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Disney Plus Is Going to Kill Binge Watching — And That's a Great Thing

The interface of Disney+ streaming service is displayed on Apple Inc.'s AppleTV at the D23 Expo, billed as the "largest Disney fan event in the world," on August 23, 2019 at the Anaheim Convention Center in Anaheim, California. - Disney Plus will launch on November 12 and will compete with out streaming services such as Netflix, Amazon, HBO Now and soon Apple TV Plus.
(Image credit: ROBYN BECK/AFP/Getty Images)

We're in another golden age of TV, as long as you can chug a whole season of Stranger Things in a weekend. Which is why I'm elated with the news that Disney Plus will buck the binge watch trend that took over TV. 

A report from this past weekend revealed that Disney+ will release seasons one episode at a time, not all in one giant cannonball splash into the streaming pool. To which I say, "amen!"

Cynics might call this a cash-grab, so Disney can string us along for months (how many cancelled their HBO subscription after the war for Westeros ended?). I disagree, though, because I can see how reversing course will help improve the conversation.

Let's start with a familiar moment to the Tom's Guide office: the Monday morning after a new season of a show has been released (Friday is the standard release day at Netflix, Hulu and others). Did you devote at least a day of your waking hours to finishing that show? Sorry, you've got to cover your ears or wear headphones to make it out without getting spoiled.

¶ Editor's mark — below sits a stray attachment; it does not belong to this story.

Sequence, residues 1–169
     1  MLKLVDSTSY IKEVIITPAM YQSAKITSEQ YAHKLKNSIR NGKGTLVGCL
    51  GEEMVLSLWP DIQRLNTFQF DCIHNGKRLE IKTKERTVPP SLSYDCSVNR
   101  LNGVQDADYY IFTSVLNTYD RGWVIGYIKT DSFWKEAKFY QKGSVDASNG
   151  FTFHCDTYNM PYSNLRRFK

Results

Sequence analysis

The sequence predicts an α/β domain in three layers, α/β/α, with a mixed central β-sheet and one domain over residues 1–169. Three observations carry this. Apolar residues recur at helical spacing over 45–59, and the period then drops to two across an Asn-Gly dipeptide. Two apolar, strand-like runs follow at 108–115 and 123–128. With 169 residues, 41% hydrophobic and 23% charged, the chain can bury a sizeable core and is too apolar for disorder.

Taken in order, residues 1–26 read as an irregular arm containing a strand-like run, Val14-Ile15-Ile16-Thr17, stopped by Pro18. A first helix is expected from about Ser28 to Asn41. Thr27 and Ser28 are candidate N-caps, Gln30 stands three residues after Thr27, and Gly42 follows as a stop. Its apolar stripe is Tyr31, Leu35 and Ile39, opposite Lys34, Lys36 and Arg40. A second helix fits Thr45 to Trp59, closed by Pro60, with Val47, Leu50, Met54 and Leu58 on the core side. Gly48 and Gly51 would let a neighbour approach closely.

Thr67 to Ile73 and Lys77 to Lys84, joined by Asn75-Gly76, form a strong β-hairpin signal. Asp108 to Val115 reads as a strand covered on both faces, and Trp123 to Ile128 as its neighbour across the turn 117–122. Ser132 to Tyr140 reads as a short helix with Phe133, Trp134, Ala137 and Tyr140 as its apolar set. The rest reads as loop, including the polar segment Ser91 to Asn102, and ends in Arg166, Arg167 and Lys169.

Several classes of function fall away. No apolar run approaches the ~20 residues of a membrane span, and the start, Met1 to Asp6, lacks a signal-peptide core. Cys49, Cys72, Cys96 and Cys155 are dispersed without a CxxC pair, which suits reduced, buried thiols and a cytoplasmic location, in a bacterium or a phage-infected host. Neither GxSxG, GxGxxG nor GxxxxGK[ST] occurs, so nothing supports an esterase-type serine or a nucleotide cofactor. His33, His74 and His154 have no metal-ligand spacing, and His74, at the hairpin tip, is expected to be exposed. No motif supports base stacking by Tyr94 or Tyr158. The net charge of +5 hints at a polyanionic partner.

MORE: Disney Plus Shows: Everything Announced So Far

The other issue with binge watching, at least from the shows I've seen, is that the trend encourages studios to release seasons that are meant to be consumed passively, because who can stay focused on a screen for 8 hours in a single day? Many of the Netflix Marvel shows (hi Daredevil Season 2) felt light on action and were filled with scenes that you could consume while you're folding laundry or doing some other household chores. 

Disney's decision will help those who struggle to stay focused on a single episode, and possibly help us regain our ability to focus on a single show. It's a lot easier, I've found, to put down my phone for a single hour or two at the Alamo Drafthouse, than it is to do the same for a whole season.

And if you’re upset by Disney's decision? Imagine how many more hours you're going to gain back. Now, when someone asks how your weekend went, you can say more than just a single show's name. To the bingers who are offended by my premise, you already have Netflix, Hulu and Prime Video. Just let me have Disney Plus.